Ahmadu Bello University (ABU) Samaru Zaria, a great citadel of active learning in the continent of Africa celebrates her 50th founding anniversary from 4th to the 24th of November 2012. ABU was actually formally opened for academic activities on the 4th October, 1962. History thus reveals that celebrating ABU means celebrating the founding and independence of Nigeria. ABU is truly a product of independent Nigeria. Celebrating independence in Africa is increasingly getting out of fashion, no thanks to failing post-colonial states which sadly and paradoxically through non-performance tends to dignify colonialism with “low-key celebrations” of high expectations that heralded independence. The bane of independence celebration is that the country’s performance is often measured in terms of life after independence.
It is certainly fine and legitimate to unapologetically and critically examine Nigeria at 52. After all, the promise of independence is that life would be better than life under a domino. However we should not forget so soon the quality of life under colonialism. Invariably we lack the benchmark to assess the quality of life after independence if we lack memory of the life under colonial rule. The critical question is; can we really appreciate or assess the dividends of independence without coming to terms with the burden of colonial underdevelopment? Independence celebration is empty without deep reflection on colonialism which in the first place made struggle for independence inevitable. The great historian, Walter Rodney in his classic: ‘How Europe Underdeveloped Africa’ observed that “Colonialism had only one hand – It was one-armed bandit!” This historic observation is valid for colonial Nigeria as it is valid for colonial Ghana, colonial Zimbabwe and colonial Kenya. 52 years after independence, we can discuss about low or high growth rate, but in colonial Nigeria, growth discourse was an aberration precisely because there was no deliberate policy of growing colonial Nigeria by the British.
It is in the area of education, that colonialism underdeveloped Africa. Where colonialism chose to “develop” it was blatantly uneven. Educational pyramid consists of primary, secondary and higher university education driven by universities and polytechnics. In most British colonies, the primary and secondary base was miserably narrow. Century of colonialism built fewer schools. Apart from Fourah Bay college in Sierra Leone, most colonies including Nigeria lacked universities. The premier university college of Ibadan was established in 1948, at the peak of mass agitation for self rule. That in itself underscores uneven development that characterized colonial rule. Over three decades after amalgamation, there was no single university in the Northern Nigeria under colonial rule. It is to the eternal credit of Sir Ahmadu Bello, the regional premier with his restless patriotic policy of catching up with the South that led to massive unprecedented educational development of the North on a scale that almost obliterate colonial neglect. According to Paden, the chronicler of Premier’s developmental history in early in 1962, Sardauna travelled to Ibadan to “…open the new Sultan Bello Hall, and praises the university, for its quality and standards. He appears in full gown and turban, and the students, many of whom sympathize with the NCNC or AG, and apparently were prepared to demonstrate against the Sardauna, receive him well. His superb English and flawless diction leave the students spellbound and the applause at the end was rapturous and spontaneous”. Indeed, in 1959, “the two houses of the regional legislature had resolved that when a university was established for the north, it should be named after Ahmadu Bello”. Again the name of the university is an achieved and well deserved one following due process not ascribed as it is the fashion today. In effect what Nigeria should celebrate is not necessarily an amalgamation of uneven development by a colonial authority but independence that spurs unprecedented development led by patriots like late Sardauna, Chief Obafemi Awolowo, Nnamdi Azikiwe, Aminu Kano, Raji Abdallah and others. At take-off, the University reportedly started modestly with only four Faculties, fifteen Departments and four hundred and twenty six students (426). Presently, its authority announces that it “has about 50,000 students (undergraduate, post-graduate and sub-degree) in 12 Faculties, 95 Academic Departments, 12 Research Institutes and Centres, one Veterinary Teaching Hospital. The University Centres and Institutes have Outreach Stations located in almost every part of Nigeria.” It ranks as the “largest University south of the Sahara in terms of physical facilities and student enrolment” with conventional courses in humanities, sciences, agriculture, medicine, engineering and management studies rendering research and developmental services that transcend state and international boundaries.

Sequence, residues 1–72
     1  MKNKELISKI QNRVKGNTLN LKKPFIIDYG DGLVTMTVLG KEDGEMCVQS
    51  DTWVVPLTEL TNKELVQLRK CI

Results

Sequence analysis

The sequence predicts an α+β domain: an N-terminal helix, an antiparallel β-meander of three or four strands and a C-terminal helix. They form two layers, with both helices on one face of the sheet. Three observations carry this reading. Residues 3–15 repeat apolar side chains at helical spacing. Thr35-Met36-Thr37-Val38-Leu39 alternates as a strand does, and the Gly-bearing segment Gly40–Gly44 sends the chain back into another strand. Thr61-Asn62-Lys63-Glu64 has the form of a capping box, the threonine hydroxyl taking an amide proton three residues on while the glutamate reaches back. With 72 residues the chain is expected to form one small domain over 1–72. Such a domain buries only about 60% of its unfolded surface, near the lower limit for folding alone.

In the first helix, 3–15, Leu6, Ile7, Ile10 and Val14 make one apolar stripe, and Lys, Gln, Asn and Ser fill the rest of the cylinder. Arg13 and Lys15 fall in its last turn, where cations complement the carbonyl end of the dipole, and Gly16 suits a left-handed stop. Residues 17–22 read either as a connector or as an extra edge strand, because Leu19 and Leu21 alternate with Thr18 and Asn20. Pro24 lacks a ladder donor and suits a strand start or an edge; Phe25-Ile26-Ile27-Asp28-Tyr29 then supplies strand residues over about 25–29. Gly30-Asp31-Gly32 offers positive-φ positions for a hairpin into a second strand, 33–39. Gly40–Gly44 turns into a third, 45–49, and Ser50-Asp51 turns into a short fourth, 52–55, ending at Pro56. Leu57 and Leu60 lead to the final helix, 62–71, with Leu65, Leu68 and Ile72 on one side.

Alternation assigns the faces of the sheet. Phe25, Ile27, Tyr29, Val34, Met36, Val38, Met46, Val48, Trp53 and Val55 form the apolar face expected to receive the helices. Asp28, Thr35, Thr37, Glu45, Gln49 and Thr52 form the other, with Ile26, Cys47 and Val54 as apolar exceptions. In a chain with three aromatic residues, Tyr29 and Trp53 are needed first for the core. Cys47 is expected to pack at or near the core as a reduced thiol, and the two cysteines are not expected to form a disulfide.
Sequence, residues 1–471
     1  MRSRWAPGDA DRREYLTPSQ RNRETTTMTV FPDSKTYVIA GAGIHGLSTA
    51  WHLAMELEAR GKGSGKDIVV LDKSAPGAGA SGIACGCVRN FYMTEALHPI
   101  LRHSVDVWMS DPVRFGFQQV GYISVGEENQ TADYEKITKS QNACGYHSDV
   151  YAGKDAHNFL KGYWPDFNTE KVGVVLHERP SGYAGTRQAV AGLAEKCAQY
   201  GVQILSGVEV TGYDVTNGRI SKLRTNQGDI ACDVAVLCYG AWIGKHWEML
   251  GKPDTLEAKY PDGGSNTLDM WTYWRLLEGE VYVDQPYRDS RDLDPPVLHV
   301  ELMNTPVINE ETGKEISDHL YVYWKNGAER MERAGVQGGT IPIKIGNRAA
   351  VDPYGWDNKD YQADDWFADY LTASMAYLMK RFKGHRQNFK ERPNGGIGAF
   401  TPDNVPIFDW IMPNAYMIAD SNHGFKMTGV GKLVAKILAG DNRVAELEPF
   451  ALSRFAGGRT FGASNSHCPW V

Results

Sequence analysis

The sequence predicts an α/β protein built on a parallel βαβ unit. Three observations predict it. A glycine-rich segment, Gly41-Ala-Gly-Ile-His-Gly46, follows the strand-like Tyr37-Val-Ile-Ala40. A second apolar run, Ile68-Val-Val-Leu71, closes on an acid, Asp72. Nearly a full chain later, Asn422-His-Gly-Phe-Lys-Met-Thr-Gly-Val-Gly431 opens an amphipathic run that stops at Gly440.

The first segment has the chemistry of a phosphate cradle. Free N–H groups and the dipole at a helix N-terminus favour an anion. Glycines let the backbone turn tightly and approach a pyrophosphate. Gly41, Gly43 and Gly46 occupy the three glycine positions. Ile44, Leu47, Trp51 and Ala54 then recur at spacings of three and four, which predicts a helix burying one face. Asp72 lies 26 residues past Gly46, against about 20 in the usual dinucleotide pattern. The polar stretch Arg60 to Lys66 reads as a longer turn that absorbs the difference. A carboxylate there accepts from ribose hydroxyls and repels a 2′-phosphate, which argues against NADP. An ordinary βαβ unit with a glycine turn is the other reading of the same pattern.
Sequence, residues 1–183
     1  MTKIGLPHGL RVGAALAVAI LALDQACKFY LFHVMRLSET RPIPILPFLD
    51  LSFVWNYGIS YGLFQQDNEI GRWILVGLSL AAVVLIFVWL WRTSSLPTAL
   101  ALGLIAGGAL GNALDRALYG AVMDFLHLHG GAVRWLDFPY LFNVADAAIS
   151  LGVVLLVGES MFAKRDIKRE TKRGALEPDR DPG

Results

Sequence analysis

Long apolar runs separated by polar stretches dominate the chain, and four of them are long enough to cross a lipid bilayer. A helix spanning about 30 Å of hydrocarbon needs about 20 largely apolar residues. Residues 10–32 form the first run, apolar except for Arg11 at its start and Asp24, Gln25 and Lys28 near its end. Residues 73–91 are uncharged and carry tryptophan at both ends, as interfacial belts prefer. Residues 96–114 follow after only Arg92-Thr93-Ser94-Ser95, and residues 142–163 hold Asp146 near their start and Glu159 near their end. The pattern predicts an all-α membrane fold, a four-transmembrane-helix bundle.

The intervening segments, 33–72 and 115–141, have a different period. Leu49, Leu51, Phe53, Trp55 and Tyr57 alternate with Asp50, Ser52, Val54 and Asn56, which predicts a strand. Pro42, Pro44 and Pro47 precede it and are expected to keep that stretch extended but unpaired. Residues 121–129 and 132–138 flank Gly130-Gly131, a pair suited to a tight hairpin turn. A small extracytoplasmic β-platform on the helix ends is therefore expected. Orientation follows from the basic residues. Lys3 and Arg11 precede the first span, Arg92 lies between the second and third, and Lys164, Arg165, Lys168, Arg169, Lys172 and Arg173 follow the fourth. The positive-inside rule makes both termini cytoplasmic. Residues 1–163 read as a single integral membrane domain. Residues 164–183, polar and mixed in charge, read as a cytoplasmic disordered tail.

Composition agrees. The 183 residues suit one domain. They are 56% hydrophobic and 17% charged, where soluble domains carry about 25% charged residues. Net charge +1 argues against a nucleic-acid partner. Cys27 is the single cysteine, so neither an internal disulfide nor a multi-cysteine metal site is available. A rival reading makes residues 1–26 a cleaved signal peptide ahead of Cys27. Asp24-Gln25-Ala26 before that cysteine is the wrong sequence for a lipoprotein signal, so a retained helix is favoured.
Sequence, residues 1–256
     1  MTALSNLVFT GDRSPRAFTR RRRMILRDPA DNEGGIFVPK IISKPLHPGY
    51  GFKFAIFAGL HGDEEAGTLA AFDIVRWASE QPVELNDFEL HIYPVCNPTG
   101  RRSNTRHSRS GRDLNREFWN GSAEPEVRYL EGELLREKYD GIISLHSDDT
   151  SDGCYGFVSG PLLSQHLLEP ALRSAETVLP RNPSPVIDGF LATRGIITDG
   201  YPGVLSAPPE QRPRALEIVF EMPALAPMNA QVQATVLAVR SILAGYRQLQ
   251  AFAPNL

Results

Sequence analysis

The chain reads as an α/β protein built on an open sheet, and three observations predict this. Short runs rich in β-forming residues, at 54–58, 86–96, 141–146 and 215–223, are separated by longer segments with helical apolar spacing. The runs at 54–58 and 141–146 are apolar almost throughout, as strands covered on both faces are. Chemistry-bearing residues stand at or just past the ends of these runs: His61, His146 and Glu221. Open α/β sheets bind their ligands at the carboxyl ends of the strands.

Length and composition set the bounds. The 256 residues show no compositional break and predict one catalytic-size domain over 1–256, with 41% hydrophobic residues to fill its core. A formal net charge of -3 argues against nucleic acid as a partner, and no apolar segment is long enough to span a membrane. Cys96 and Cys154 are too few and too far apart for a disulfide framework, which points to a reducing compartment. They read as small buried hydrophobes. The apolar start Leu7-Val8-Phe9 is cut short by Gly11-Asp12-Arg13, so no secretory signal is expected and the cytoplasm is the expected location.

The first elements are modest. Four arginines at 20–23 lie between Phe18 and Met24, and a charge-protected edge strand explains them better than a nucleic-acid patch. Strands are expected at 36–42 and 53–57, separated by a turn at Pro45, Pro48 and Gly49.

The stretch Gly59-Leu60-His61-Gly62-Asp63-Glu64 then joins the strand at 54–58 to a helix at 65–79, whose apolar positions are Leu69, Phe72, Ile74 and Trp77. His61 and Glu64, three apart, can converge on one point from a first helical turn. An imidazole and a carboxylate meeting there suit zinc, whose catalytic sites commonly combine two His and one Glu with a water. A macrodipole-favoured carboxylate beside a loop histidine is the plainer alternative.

The received wisdom has it that what Africa needs are strong institutions. The truth of the matter is that with ABU at 50, Africa has truly come of age in institution building with commendable efforts of strong men and women that made this possible over the last five decades. The critical question however is; has the institution fulfilled the vision and mission of its founding father(s). Yours truly thinks the university has defined the correct anniversary objective which is to reflect on the strengths and weaknesses of a great institution at 50.
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